As it stood right now, I'd likely head up I-76 for at least Fort Morgan, maybe even as far as Sterling on Wednesday afternoon. The ETA breaks out precip in a bulls-eye over an area from about Fort Collins eastward towards Fort Morgan. I would think the better storms would be east where the better instability and shear would be, so at 48 hours out, I would say someplace I-76 between Fort Morgan and Sterling.
One of my biggest concerns with Wednesday over NE Colorado is the temps. The FROPA on Tuesday will leave parts of NE Colorado (from south of I-70 northward) on the cool side of the front. Temps only being forecasted in the 50s and 60s could seriously hinder convective development. Also, the latest NWS Denver AFD mentions CIN as an issue in areas further east. In glancing at the 12z ETA, I see where CIN is being forecasted, but there's also a hole in NE Colorado. As you move North and East where some of the best conditions are, the CIN actually begins to increase. I guess I'm not seeing an issue with CIN over parts of NE Colorado, so I'm not overly concerned with this issue. I guess this is one of those forecasting steps; sticking to what YOU know as opposed to giving in to what NWS/SPC/ETC are saying about a situation.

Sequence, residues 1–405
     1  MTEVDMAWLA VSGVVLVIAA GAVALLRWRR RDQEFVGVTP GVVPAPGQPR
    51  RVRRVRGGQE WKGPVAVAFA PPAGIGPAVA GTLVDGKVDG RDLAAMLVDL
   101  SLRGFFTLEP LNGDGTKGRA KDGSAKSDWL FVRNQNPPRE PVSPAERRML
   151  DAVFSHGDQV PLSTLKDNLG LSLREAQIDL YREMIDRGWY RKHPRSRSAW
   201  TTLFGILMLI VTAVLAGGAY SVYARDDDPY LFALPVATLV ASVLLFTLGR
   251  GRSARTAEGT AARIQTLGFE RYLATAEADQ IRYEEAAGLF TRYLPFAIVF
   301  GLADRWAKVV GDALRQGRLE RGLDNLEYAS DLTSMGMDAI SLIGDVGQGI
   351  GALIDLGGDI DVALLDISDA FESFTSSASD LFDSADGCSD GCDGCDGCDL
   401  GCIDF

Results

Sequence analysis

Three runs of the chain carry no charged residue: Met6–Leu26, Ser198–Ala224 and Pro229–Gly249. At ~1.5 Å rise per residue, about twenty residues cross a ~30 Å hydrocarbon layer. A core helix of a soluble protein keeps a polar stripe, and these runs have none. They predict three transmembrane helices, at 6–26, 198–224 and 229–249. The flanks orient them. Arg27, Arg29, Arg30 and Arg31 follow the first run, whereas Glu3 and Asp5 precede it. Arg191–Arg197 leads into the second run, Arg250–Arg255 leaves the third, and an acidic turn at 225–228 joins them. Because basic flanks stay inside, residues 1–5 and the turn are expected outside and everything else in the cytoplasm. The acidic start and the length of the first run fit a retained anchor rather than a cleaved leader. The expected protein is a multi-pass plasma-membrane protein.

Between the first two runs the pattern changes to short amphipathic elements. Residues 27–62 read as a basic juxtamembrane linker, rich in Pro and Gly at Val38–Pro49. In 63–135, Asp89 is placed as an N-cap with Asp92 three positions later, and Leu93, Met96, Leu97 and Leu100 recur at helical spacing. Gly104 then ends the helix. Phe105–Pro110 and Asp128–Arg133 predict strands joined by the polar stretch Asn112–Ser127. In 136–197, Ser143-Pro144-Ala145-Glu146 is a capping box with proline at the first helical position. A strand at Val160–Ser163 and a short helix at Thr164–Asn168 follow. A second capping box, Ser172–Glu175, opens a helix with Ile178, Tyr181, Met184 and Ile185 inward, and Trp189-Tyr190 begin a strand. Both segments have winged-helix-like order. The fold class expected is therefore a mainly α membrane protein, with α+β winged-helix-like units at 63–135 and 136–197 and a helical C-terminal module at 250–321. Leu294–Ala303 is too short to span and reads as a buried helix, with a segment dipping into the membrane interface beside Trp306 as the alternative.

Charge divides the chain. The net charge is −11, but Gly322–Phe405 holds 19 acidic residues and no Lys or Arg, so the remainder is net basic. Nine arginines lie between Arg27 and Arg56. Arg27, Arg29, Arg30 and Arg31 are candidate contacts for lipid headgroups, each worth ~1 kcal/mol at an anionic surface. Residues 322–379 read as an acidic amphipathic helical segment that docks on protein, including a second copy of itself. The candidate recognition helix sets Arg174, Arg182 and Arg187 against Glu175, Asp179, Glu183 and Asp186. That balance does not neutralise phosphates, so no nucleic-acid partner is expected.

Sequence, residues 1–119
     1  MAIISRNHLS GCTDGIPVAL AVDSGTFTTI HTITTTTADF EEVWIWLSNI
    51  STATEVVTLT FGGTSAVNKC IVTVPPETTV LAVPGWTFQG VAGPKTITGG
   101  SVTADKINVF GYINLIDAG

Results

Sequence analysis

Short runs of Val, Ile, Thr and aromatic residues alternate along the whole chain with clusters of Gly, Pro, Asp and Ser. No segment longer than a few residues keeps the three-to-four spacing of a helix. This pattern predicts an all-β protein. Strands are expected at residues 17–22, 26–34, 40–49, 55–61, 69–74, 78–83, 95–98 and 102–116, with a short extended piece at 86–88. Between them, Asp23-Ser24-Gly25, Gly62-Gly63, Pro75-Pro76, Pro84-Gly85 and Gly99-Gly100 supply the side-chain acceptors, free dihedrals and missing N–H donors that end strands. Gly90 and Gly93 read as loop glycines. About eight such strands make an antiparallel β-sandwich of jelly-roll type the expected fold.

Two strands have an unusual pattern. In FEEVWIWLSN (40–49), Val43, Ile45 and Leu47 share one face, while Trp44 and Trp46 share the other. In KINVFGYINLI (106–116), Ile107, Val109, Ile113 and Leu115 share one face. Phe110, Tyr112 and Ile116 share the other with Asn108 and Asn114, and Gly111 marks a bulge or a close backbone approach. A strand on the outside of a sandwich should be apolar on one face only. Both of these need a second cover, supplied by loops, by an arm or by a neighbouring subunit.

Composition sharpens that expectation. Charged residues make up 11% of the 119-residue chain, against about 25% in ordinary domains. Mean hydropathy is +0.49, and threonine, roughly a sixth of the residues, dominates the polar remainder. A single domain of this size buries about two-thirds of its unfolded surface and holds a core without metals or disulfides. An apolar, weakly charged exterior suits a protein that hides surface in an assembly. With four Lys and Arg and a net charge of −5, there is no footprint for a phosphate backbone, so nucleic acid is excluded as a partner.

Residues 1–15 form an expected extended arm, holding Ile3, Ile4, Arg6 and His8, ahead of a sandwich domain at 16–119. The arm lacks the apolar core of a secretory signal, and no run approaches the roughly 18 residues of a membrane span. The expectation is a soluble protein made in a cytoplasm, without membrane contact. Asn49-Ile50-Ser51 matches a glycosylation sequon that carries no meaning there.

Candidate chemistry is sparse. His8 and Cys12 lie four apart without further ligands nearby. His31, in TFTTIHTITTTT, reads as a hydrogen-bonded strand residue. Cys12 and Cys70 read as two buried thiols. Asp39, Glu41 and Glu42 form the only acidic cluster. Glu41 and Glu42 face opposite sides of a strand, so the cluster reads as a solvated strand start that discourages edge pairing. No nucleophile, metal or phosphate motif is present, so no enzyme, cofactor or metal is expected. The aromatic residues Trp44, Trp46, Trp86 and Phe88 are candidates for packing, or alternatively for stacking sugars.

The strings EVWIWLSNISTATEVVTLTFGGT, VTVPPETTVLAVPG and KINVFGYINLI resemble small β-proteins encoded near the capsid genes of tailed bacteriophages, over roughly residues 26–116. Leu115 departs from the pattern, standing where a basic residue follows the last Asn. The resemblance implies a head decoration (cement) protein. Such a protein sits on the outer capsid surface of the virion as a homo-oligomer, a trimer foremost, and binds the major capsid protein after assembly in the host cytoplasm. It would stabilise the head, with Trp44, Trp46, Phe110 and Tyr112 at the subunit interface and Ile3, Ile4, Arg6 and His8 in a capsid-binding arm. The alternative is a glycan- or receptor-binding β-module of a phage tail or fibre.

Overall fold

Waiting on the 0z ETA run which should hopefully be in within the next 60 to 90 minutes... anxiously awaiting to see what the upcoming run holds in comparison to what's been forecasted previously.
0Z NAM shows more potential for severe weather across the eastern parts of Kansas, south of Interstate 70 during the afternoon and early evening on Wednesday. 500mb winds are picking up a little to the east in Missouri which is a good sign that severe weather is becoming possible in the area. CAPE values of up to 4000 J/Kg can be expected in an area in Kansas from Kansas City southwest to Wichita. Lifted Index values of up to -10 is expected in Franklin, Miami, Linn, and Anderson counties in Kansas. SRH remain at 100-150. Dewpoints are progged to be in the upper 60's if not nearing the 70 degree mark in the same area. I expect with some model increases in the 500mb winds, we could see some potent severe weather activity in eastern Kansas. Local chase? Maybe!

My graphic for this forecast can be found on the forecast link on my signature.
Yes, looks like severe indices Wed will be most favorable of the season thus far for KS. Besides the capital question mark of upper level winds, I have a feeling the small question mark will the lifting mechanism. In selecting target for Wed chase, choice may come down to proximity to stationary front, NE KS, or heading down to Wichita with surface trough approaching from the west?
Based on the 00Z Tuesday NAM, northeast Colorado east and southeast into southwest Nebraska/northwest Kansas looks pretty good. Orographic lift along the high plains, coupled with frontogenitic forcing should be plenty to break the cap. With 40-45 knots at 300mb, and souhteasterly 850mb winds, shear will be supportive of supercells, some tornadic.